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How To Make And Use A Beacon In Minecraft

Starting out as a simply blocky building game, "Minecraft" has come a long way to becoming an intricate survival sandbox with complex mechanics and machines that the player can build. And no, this isn't just talking about the next-level impressive computers built inside "Minecraft," or any of the other bonkers builds that players have come up with over the years. Even without advanced Redstone knowledge, players have in-game access to some incredibly in-depth and useful contraptions like the Respawn Anchor, the Conduit, and the Beacon.


Of these, the Beacon probably has the most universal in-game utility — added in 1.14, this interactable block emits a bright skyward beam (that can be color-tinted with tinted glass blocks) and an effect field that constantly applies a buff to every player within range. With the available effects ranging from mining speed increases to health regeneration, these beacons are practically a must-have for any advanced base or building project.

The only problem is, they're somewhat complicated to set up for use — not to mention the rarity of the materials involved in crafting one to begin with. Here's a rundown on where to get the materials for, and how to set up and use a Beacon in "Minecraft."


Gathering the materials to craft the Beacon

First, you'll have to gather the materials to make the beacon: five blocks of glass, three blocks of obsidian, and one Nether Star. While the first two materials are easy enough, the Nether Star is somewhat more problematic as it only ever drops from killing the Wither, a boss that rivals the strength of the Ender Dragon.


Spawning a Wither in the first place is no small feat, either. You'll have to grab four blocks of Soul Sand (or Soul Soil) and three Wither Skeleton Skulls from the Nether, the latter of which only drops from Wither Skeleton mobs, which, in turn, only spawn in Nether Fortresses. Just suit up with your best gear, grab a sword (preferably enchanted with at least one level of Looting), and get to exploring. With any luck, you should be able to find a fortress with a few Wither Skeletons spawning in the hallways before long.

After that, you'll have to arrange the Soul Sand in a T formation and place the Wither Skeleton Skulls on top (much like you would to create an Iron Golem from iron blocks and a carved pumpkin) to spawn the Wither. Prepping the killing area beforehand will go a long way toward helping you kill the obnoxiously strong monster without too much of a struggle. You can do so by setting up some sort of auto-suffocation chamber, or just preparing a platoon of iron golems to do the job for you.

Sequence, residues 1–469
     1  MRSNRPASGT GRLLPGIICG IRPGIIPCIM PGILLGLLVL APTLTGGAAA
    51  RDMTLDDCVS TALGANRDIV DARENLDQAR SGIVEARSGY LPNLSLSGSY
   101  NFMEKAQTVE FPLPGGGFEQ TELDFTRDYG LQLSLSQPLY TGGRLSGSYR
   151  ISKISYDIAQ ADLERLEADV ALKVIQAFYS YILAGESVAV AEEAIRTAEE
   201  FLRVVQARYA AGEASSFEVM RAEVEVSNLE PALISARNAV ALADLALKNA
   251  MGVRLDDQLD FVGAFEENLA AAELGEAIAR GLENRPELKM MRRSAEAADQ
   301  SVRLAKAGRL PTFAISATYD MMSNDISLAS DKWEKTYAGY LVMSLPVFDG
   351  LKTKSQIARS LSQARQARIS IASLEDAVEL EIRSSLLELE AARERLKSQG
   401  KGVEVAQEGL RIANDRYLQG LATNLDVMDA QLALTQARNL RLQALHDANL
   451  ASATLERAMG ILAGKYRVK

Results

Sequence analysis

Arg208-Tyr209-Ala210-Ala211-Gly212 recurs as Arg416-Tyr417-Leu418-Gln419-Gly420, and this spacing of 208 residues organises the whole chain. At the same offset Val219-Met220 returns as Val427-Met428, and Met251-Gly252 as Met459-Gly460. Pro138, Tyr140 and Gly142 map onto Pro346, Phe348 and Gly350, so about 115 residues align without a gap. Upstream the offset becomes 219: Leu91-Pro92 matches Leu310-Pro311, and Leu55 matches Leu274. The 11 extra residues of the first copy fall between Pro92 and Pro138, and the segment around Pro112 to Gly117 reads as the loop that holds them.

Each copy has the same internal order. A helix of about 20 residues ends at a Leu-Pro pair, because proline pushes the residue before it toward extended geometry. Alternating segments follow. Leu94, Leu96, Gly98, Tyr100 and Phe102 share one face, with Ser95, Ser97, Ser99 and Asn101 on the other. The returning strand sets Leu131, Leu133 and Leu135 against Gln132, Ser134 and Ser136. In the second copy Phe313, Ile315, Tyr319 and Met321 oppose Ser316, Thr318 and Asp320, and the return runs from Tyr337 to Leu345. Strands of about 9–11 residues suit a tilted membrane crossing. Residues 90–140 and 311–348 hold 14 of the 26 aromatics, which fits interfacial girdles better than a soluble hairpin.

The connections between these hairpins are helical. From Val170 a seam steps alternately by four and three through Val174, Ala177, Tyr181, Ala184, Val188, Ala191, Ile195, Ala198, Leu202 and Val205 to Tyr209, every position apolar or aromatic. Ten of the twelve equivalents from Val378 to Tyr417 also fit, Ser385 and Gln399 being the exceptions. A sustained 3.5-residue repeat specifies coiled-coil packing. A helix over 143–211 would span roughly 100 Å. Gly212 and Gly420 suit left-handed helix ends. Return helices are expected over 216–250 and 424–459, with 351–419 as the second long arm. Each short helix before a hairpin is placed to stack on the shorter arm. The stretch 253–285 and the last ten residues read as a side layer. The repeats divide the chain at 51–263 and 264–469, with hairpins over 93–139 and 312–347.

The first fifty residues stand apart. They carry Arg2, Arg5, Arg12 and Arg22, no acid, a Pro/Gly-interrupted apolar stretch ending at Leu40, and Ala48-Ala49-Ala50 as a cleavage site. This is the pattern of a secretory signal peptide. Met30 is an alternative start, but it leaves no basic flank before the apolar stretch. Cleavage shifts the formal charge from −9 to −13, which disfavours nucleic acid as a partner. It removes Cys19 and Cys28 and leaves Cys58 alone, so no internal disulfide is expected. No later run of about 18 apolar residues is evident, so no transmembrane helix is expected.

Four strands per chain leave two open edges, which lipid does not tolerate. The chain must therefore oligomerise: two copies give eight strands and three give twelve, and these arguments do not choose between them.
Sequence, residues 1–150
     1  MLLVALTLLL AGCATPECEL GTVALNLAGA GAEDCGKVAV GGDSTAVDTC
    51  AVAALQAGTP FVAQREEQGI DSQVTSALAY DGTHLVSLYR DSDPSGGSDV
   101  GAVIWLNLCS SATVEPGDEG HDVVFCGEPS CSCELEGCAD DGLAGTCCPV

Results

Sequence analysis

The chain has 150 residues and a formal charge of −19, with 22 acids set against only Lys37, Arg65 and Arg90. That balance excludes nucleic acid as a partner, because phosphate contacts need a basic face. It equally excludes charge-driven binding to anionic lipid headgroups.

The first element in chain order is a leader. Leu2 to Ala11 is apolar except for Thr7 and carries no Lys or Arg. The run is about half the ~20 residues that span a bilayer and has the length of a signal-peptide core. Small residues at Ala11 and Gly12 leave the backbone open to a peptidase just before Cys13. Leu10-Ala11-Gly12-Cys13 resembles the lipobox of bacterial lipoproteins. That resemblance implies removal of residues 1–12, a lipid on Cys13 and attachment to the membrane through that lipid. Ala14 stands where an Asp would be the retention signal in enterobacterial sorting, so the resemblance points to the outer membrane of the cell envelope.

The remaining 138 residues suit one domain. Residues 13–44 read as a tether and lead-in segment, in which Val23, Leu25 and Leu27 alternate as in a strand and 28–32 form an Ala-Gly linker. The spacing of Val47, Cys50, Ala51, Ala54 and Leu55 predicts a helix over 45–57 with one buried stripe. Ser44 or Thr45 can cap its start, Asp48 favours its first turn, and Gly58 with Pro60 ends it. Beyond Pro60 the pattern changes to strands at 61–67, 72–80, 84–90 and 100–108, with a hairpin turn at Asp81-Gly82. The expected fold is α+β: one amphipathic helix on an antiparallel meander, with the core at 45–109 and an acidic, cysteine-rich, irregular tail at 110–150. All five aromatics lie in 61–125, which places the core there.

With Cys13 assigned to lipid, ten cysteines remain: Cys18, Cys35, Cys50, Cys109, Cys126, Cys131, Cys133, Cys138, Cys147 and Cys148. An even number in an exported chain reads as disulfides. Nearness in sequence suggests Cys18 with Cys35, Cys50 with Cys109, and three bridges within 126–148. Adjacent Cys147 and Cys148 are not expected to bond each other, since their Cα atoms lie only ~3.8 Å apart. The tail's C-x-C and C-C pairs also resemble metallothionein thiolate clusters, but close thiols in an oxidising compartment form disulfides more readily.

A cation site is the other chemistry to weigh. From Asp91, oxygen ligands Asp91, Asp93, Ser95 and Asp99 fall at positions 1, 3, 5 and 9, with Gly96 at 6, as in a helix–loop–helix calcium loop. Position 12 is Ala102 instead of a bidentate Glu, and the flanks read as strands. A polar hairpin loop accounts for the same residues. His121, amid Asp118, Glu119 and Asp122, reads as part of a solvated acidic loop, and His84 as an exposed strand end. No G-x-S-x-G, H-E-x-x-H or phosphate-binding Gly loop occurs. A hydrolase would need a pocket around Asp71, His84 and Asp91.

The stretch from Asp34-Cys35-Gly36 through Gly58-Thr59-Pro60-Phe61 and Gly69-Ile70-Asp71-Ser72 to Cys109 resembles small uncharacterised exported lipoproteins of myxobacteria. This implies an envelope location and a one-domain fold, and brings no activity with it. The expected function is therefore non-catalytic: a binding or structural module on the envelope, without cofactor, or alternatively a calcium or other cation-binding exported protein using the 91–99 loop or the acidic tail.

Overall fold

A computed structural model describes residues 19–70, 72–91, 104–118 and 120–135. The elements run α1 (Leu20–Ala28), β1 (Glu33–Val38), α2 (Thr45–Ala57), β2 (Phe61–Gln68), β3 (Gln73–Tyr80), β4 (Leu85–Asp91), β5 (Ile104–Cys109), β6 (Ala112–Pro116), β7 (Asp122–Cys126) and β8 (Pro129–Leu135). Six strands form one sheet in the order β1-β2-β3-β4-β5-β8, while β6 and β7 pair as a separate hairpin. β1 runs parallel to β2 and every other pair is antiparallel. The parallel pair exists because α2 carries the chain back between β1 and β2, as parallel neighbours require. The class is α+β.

Setting up the Beacon's base

Once you have the Nether Star, put it in the center of a crafting grid with the three obsidian along the bottom and the five glass surrounding the sides and top, and voila — you have your first Beacon in hand.


However, you might not be finished gathering yet. Actually using the Beacon requires them to not only be placed with an unobstructed view of the sky or Nether ceiling bedrock (with transparent blocks allowed to be placed between), but they also need to be sitting on a pyramid of mineral blocks in order to work (with more layers providing stronger effects). These pyramids can't be hollow, either, so you'll need anywhere between 9 to 164 blocks to activate a single Beacon — that's between 81 and 1476 individual materials.

Of the eligible blocks— iron, gold, emerald, diamond, and Netherite — iron is easiest to obtain en masse by setting up even a simple iron farm. However, if you have better access to any of the other materials, it's worth noting that the blocks in the pyramid can be mixed and matched without affecting functionality.


Additionally, you can place multiple beacons on the same base pyramid so long as you extend the pyramid layers out to accommodate the extra Beacons — for example, six beacons grouped together in a 2-by-3 formation can become functional on a 4-by-5 base layer of mineral blocks, followed by 6-by-7, then 8-by-9, then 10-by-11 block layers for a full-tiered base.

Using the Beacon to gain persistent buffs

If you've placed the Beacon correctly, it'll emit a vertical beam, and you can start using it. The beacon will constantly apply a selected effect every four seconds to every player within range, with the range and effect duration scaled by how many pyramid layers the base has.


Simply right-click or press the "use" button on it to pull up the interface. From there, you can pay one material unit — either one iron ingot, gold ingot, Netherite ingot, diamond, or emerald — to enable one Primary Power, some of which are locked behind pyramid tiers.

One pyramid tier offers you:

  • Speed I, which accelerates player movement.
  • Haste I, which accelerates mining and attacks.
  • An effect radius of 20 blocks and a duration of 11 seconds.

Two pyramid tiers:

  • Resistance I, which raises resistance to most forms of damage.
  • Jump Boost I, which extends jump distance.
  • An effect radius of 30 blocks and a duration of 13 seconds.

Three pyramid tiers:

  • Strength I, which raises melee damage.
  • An effect radius of 40 blocks and a duration of 15 seconds.

At four pyramid tiers, you'll have an effect radius of 50 blocks and a duration of 17 seconds, as well as the option to choose one of two simultaneous Secondary Powers: either Regeneration (which regenerates health) or a level boost to the Primary Power. To change the effect, just feed it another material to enable a different selection in the same manner.